Published on Eurasian Perspectives

Bold education reforms can lift Ukraine’s economy

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School students, Ukraine. School students, Ukraine.

Human capital – the economic value of people’s lifelong education, skills and health – is critical to countries’ efforts to reduce poverty and accelerate economic growth.

Historically, Ukraine has benefited from a strong education system, one that has helped drive the country’s development. Indeed, the country has a highly educated labor force: 40% of people aged 25 years and older have at least some tertiary education, compared to just over 30% in OECD countries and 25% in Germany. 

Yet, human capital remains a small share of Ukraine’s national wealth, at 34%, compared to 70% in high-income OECD countries and 62% in the Europe and Central Asia region. Per capita income and labor productivity in Ukraine also remain among the lowest in the region.

So why is education not contributing more to Ukraine’s economy? A recently completed World Bank education study identifies several likely reasons.

Schooling and educational outcomes are not producing the kinds of skills increasingly demanded by Ukraine’s economy. Equity gaps in learning outcomes are on the increase, by socioeconomic status and between rural and urban areas. Public trust in the education system has deteriorated and many Ukrainians are deeply unsatisfied with the quality of the system. Corruption and weak academic integrity have diminished quality and reduced the value of educational credentials.

Ukraine nonetheless spends a high share of public resources on education: 6% of GDP, compared to the OECD average of 4.4%. But, low student-teacher ratios in secondary education and an oversized network of higher education institutions indicate that spending on education is inefficient and under-performing.

Recognizing these are significant challenges, Ukraine has begun implementing its most ambitious education reform agenda to date. A centerpiece of this reform agenda is the “New Ukrainian School” – a new formula for competency-based and inclusive learning in primary and secondary education that prioritizes autonomy and openness over control and supervision.

Major reforms are also underway in vocational and higher education, aimed at dismantling the centralized structures of the past, while supporting Ukraine’s integration into the wider European Higher Education Area.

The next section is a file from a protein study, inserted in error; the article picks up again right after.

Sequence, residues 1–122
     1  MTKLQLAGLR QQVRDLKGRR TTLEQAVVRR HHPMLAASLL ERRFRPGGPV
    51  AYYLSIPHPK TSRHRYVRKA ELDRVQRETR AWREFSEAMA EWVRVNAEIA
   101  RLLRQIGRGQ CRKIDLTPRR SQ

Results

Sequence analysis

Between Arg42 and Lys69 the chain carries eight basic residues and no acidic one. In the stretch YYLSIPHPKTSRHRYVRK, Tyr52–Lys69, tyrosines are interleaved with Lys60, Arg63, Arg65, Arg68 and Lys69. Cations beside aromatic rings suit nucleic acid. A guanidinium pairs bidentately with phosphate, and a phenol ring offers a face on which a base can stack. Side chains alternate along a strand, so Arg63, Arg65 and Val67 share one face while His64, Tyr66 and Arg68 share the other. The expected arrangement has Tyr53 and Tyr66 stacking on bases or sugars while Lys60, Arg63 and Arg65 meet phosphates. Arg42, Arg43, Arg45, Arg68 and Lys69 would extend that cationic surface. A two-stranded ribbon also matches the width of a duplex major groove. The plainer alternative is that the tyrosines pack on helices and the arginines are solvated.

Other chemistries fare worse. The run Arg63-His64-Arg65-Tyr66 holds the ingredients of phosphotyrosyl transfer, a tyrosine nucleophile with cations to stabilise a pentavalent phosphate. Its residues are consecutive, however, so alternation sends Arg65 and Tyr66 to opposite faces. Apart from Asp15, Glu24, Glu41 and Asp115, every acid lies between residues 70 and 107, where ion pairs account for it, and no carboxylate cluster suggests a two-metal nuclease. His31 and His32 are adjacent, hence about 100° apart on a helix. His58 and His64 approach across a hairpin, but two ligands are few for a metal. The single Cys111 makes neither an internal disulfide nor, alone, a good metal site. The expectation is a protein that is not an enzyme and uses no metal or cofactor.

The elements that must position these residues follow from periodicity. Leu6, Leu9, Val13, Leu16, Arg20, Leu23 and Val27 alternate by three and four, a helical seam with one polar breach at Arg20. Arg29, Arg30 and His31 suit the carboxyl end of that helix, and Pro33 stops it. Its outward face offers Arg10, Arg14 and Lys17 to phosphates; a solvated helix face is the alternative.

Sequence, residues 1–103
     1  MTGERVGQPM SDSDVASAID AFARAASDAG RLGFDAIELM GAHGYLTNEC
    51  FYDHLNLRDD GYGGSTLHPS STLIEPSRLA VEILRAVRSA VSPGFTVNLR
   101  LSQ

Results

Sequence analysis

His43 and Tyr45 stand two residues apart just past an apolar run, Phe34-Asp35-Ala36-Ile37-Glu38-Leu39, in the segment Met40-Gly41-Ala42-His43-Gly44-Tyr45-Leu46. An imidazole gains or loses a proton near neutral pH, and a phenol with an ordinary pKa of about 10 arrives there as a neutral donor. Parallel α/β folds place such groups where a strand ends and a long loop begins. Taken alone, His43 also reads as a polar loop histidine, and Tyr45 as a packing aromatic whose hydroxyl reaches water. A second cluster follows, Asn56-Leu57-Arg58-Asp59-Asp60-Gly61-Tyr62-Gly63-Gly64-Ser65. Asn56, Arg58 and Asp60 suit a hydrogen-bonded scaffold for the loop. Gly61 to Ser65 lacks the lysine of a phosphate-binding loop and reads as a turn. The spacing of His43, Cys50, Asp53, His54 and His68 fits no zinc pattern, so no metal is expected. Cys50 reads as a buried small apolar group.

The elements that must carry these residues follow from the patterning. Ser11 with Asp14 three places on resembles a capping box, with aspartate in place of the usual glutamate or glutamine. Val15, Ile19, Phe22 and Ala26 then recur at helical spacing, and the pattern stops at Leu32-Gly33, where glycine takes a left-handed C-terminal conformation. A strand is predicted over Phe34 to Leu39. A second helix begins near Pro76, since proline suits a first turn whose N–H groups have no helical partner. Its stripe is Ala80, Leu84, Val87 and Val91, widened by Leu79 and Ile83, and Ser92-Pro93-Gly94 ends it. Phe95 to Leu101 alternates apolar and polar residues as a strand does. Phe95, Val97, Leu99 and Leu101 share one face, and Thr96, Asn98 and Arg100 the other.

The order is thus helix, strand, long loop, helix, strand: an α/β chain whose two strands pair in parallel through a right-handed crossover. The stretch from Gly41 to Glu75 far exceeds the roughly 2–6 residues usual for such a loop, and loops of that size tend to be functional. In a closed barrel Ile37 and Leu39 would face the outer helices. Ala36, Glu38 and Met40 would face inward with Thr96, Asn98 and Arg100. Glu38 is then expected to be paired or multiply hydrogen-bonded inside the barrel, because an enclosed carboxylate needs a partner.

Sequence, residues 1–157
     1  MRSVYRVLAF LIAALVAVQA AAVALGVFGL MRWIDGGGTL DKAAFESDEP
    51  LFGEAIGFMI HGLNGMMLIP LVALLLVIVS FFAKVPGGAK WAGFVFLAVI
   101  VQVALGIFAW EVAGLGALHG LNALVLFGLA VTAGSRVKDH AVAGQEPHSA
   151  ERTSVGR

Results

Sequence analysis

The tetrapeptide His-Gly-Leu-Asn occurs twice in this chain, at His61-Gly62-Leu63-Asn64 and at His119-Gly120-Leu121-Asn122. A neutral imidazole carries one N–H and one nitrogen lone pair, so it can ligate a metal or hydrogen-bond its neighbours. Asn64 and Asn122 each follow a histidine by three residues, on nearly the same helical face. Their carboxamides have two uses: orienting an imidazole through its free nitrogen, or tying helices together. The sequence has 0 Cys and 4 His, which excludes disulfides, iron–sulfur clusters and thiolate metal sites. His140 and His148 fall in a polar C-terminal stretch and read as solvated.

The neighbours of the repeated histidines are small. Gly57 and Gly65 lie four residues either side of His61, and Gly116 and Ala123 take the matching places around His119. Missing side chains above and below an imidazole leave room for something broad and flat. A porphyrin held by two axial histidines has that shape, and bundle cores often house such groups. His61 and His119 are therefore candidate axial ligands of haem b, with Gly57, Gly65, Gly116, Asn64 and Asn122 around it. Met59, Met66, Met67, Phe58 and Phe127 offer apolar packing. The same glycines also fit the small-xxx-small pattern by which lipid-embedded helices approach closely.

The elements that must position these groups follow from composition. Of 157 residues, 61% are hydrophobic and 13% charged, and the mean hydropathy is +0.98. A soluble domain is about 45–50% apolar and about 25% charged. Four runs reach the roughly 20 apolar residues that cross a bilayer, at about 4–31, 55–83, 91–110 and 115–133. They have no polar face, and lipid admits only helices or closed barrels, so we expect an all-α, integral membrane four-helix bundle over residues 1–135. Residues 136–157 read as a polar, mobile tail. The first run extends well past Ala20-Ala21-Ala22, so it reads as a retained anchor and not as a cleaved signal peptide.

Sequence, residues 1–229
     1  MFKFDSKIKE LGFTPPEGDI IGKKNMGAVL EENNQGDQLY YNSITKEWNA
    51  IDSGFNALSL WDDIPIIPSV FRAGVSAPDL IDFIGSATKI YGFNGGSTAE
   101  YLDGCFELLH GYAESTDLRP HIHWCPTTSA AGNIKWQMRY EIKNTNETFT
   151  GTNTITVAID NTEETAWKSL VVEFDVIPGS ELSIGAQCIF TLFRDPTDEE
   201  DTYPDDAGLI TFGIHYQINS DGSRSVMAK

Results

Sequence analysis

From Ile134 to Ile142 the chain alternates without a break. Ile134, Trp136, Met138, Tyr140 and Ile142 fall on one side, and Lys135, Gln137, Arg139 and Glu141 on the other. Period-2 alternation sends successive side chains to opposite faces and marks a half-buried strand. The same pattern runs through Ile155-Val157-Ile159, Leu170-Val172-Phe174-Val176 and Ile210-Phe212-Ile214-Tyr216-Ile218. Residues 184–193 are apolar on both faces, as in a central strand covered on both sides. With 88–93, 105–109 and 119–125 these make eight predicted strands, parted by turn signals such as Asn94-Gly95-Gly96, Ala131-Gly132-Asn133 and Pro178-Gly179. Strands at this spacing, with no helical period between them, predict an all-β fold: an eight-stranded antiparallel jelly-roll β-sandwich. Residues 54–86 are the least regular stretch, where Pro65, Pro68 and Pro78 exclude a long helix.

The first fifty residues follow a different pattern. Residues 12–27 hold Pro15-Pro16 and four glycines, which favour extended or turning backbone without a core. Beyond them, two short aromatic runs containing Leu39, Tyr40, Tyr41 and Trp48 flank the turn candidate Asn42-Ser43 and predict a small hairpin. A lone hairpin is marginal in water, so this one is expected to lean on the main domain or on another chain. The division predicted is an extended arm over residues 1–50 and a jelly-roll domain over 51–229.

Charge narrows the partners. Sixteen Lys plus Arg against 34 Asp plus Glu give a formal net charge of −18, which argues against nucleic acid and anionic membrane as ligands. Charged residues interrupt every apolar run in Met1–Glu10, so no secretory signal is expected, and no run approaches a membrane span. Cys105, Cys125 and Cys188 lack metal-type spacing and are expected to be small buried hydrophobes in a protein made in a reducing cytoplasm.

Amidst this bold reform agenda, however, several important challenges need to be addressed.

Ukraine education diagram (tensions)

Despite greater institutional autonomy granted to schools, universities, and local authorities for education planning and policy, governance and accountability structures and institutional capacities remain weak.

The high level of public spending on the education system is certainly testament to Ukraine’s commitment to education, but resources are not currently well-targeted to strategic objectives or performance.

The New Ukrainian School introduces modern approaches to teaching methods and the curriculum, yet teacher incentives and capabilities are not yet well-aligned with the specific requirements of this reform.

Reforms in both secondary and tertiary education provide more room and flexibility for individuals to choose courses and curricular pathways – but students, their families, and employers in Ukraine have inadequate information and feedback on educational options and their directions for the labor market.

Broad education reforms are what Ukrainians expect and deserve. Therefore, addressing the current challenges is critical going forward, and will require a wide range of policy approaches.

This means strengthening governance structures and institutions; improving targeting of resources through reforming higher education financing and teacher workforce management; providing stronger incentives for teachers; and ensuring better information flows through enhanced student assessment systems, guidance counseling, and monitoring. 

Sustaining the reform momentum will require strong commitment and broad engagement – beyond laws and regulations to encompass strong leadership that turns reform vision into reality. Closely monitoring progress will also be important, as will direct engagement with stakeholders, and leveraging social influencers and champions.

Bold reforms to Ukraine’s education system can play a key role in boosting economic growth and bringing about greater prosperity for citizens.


James Gresham

James Gresham, Education Specialist, World Bank Group

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